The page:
1. Microbiology & Food Hygiene

Listeria monocytogenes in low pH foods: an examination of the influence of food constituents on survival and gastric transit

Project Reference:

02-PG-031

Status:

Completed

Commencement Date:

October, 2002

Project Duration:

42 months

Abstract:

The ability to tolerate highly acidic environments enhances the potential for growth of Listeria monocytogenes in low pH foods and permits survival during gastric transit. One mechanism that the bacterium uses to survive under such conditions is the arginine deiminase system.

During the course of this project, the extent to which arginine and other food constituents play a role in the survival of Listeria monocytogenes in low pH foods was examined, and the role of these protective systems in determining the infectious dose of this important foodborne pathogen was investigated.

 

Principal Contractor(s):

Dr Colin Hill, University College Cork

Collaborator(s):

Single supplier

Outputs:

Report:

The PhD thesis is available on request and can be accessed through University College Cork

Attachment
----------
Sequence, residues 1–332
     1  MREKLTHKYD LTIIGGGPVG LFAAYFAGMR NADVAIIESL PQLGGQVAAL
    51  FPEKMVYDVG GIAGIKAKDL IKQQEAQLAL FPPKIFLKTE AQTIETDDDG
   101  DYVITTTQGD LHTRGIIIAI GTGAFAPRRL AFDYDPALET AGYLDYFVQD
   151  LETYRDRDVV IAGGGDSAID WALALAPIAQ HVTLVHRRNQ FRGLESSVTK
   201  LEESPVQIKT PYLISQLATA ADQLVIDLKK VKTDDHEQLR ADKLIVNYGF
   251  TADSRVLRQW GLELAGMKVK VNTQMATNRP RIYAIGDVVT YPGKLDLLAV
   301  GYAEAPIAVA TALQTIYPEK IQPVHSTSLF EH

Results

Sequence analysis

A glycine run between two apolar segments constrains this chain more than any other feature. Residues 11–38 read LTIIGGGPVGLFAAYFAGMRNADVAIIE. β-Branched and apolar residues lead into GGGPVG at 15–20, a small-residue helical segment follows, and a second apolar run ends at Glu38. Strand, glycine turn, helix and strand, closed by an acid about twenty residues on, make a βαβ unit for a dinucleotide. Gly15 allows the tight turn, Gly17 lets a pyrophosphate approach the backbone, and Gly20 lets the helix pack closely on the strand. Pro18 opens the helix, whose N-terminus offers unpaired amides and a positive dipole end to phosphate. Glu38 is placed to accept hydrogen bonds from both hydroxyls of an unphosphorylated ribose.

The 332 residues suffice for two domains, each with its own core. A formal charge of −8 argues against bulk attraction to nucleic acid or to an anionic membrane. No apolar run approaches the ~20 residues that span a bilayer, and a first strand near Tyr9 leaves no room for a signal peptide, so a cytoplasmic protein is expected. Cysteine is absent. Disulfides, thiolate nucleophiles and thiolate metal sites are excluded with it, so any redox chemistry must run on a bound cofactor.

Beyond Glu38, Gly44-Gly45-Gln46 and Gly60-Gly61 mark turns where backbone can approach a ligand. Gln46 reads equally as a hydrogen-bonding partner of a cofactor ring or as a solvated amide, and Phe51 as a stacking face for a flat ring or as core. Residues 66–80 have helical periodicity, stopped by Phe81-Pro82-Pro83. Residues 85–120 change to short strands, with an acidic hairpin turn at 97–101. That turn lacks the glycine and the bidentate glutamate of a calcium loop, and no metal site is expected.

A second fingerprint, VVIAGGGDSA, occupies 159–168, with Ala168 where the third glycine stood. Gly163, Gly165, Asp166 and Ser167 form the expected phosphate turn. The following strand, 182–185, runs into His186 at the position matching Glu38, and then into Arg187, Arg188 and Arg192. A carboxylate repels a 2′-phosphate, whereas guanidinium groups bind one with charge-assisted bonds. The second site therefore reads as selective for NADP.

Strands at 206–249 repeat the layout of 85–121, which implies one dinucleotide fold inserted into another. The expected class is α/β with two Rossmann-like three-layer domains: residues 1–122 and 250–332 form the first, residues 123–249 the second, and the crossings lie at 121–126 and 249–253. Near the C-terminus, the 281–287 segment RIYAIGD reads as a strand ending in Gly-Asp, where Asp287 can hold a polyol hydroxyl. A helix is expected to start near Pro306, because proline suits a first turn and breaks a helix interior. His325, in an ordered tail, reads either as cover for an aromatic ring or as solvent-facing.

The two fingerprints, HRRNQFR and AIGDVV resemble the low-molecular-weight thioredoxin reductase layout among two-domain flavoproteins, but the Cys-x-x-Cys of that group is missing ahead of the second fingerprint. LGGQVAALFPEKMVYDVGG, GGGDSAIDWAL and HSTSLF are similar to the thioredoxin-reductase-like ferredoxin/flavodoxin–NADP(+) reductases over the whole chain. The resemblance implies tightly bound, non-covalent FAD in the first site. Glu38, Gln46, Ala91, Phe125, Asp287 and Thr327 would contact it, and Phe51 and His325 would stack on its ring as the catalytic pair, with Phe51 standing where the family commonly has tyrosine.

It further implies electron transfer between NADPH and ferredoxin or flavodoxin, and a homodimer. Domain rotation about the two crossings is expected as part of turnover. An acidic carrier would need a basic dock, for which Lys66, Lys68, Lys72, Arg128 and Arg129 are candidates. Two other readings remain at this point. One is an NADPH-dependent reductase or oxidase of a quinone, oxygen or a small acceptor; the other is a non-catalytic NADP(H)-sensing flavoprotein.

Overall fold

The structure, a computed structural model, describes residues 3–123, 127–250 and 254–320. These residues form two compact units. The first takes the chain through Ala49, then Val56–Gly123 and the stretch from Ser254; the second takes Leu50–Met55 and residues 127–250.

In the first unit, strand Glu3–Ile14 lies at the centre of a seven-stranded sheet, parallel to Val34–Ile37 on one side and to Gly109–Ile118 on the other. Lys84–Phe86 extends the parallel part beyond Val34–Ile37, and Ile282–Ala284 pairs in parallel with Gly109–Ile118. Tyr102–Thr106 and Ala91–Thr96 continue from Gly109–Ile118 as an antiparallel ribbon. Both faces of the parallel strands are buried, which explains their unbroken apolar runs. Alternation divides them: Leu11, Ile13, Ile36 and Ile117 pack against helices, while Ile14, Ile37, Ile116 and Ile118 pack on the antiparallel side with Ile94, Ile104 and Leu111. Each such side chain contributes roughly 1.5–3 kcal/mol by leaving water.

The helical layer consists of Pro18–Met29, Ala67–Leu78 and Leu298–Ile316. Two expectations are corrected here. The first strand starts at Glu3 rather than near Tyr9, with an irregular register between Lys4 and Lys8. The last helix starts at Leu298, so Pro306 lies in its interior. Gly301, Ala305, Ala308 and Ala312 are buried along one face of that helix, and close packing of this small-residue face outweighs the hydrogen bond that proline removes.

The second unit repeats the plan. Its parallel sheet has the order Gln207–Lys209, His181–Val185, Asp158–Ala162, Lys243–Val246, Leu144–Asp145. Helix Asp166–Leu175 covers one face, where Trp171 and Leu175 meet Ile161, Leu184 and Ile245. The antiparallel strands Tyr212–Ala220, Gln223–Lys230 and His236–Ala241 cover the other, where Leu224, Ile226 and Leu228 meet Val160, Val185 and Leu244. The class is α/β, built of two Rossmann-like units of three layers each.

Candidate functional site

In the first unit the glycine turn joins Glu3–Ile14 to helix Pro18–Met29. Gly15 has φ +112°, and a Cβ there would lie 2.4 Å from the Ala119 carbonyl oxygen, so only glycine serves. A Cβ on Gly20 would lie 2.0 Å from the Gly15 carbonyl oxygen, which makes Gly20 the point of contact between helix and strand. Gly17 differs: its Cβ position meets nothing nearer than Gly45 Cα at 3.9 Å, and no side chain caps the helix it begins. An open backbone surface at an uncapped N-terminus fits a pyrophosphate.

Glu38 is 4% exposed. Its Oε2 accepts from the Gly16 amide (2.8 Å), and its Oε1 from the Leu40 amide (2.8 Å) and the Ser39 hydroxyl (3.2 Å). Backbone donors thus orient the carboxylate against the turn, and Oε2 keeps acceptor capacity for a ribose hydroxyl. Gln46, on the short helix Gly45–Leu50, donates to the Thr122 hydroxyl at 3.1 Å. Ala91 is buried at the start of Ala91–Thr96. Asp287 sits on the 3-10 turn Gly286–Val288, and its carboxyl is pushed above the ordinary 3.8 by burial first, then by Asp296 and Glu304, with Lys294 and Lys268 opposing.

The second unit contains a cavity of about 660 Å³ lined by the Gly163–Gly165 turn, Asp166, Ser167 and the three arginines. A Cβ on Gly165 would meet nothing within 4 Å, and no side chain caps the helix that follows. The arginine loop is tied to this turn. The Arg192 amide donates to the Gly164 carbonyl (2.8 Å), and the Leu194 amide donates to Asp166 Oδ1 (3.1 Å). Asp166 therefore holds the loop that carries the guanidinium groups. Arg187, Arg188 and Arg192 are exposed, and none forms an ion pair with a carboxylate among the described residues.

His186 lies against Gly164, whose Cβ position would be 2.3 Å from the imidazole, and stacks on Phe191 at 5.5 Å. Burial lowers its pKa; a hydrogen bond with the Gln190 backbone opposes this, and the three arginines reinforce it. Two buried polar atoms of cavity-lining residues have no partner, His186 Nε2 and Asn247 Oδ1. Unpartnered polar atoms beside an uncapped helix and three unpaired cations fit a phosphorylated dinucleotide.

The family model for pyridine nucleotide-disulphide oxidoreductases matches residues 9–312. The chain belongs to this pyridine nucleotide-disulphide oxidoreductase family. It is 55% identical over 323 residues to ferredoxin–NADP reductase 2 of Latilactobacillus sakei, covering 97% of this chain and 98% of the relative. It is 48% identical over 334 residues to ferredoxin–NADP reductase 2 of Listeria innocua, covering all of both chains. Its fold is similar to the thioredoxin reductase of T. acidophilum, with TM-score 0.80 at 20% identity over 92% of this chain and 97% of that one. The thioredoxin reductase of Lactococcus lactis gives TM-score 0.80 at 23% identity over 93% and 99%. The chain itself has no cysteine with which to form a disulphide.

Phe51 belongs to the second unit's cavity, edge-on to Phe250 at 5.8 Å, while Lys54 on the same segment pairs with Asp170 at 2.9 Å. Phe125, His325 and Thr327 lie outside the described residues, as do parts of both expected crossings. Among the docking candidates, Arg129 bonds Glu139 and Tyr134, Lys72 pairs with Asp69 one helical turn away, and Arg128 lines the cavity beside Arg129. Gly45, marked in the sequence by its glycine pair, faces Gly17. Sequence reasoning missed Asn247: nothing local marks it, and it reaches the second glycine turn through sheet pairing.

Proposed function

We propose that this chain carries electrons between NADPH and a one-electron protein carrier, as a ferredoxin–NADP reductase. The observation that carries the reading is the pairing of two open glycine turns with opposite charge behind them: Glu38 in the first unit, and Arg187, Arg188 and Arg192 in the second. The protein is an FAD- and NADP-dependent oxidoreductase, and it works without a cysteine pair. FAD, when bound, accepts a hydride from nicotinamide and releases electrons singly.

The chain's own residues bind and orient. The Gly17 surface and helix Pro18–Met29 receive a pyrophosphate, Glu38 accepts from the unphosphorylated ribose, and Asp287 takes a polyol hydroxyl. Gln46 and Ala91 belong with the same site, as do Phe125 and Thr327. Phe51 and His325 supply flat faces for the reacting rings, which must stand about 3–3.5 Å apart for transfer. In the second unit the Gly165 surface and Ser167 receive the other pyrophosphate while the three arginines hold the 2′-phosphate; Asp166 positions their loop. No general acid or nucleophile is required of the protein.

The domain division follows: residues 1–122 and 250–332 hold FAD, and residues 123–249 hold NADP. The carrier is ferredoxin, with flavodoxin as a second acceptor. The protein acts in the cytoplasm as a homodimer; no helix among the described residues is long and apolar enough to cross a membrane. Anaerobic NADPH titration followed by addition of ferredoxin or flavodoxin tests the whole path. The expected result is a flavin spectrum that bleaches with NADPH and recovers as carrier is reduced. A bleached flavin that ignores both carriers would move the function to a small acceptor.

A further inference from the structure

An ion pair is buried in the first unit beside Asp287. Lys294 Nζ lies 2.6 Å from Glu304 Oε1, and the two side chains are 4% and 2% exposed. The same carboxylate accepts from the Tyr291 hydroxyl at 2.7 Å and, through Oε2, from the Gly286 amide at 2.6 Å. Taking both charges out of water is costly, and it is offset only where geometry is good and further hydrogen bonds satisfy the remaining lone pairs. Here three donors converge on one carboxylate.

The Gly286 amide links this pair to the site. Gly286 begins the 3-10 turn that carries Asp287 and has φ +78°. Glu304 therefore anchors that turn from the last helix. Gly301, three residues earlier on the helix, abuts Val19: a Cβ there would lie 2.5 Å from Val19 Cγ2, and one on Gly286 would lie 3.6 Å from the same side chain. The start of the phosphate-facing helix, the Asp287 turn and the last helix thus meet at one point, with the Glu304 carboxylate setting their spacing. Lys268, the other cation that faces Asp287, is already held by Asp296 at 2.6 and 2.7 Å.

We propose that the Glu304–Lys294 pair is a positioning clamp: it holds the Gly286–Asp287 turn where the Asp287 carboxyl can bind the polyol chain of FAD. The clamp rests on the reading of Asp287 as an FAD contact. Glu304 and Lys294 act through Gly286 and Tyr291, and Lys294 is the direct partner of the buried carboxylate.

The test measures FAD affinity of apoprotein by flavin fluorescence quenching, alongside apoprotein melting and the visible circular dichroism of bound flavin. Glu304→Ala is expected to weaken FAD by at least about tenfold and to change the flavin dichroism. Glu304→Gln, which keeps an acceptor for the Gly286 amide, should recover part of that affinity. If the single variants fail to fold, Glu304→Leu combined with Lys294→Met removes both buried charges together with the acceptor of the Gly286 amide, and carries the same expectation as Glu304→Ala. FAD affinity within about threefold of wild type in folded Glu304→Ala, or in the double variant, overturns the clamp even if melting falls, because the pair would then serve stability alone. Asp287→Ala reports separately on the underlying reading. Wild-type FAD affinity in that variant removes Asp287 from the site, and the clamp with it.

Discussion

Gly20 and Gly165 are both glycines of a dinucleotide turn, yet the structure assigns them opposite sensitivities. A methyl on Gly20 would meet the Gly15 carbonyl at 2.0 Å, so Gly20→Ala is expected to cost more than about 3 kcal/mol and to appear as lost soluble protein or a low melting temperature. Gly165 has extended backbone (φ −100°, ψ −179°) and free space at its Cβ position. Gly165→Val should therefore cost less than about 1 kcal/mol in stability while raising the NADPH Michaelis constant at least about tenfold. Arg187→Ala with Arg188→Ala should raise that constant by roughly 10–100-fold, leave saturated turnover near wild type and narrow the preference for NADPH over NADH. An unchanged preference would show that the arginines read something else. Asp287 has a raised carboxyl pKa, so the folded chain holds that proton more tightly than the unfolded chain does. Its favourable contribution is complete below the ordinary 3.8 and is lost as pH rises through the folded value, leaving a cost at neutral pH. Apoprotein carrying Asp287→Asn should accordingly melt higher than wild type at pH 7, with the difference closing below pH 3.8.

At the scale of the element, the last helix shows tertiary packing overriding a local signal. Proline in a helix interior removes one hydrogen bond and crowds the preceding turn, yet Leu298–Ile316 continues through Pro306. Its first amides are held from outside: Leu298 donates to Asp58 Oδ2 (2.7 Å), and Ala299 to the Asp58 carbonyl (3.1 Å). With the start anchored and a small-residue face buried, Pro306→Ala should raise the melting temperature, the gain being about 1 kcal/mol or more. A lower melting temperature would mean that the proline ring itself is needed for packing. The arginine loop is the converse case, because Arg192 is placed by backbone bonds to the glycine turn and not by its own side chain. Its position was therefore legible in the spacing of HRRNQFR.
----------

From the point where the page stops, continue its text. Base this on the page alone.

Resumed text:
Peer review:

Ryan S, Begley M, Hill C, Gahan CG. (2010). “A five-gene stress survival islet (SSI-1) that contributes to the growth of Listeria Monocytogenes in suboptimal conditions”. J Appl Microbiol. 109(3):984-95.

Ryan S, Begley M, Gahan CGM* and Hill. (2009). “Molecular characterization of the arginine deiminase (ADI) system in Listeria Monocytogenes: regulation and role in acid tolerance”. Environmental Microbiology. 11(2):432-45.

Ryan S, Hill C and CGM Gahan*. (2008). “Acid stress responses in Listeria Monocytogenes”. Advances in Applied Microbiology. 65: 67-91.

Cotter PD, S Ryan, CGM Gahan, and C Hill. (2005). “Presence of GadD1 glutamate decarboxylase in selected Listeria Monocytogenes strains is associated with an ability to grow at low pH”. Applied and Environmental Microbiology. 71(6):2832-9.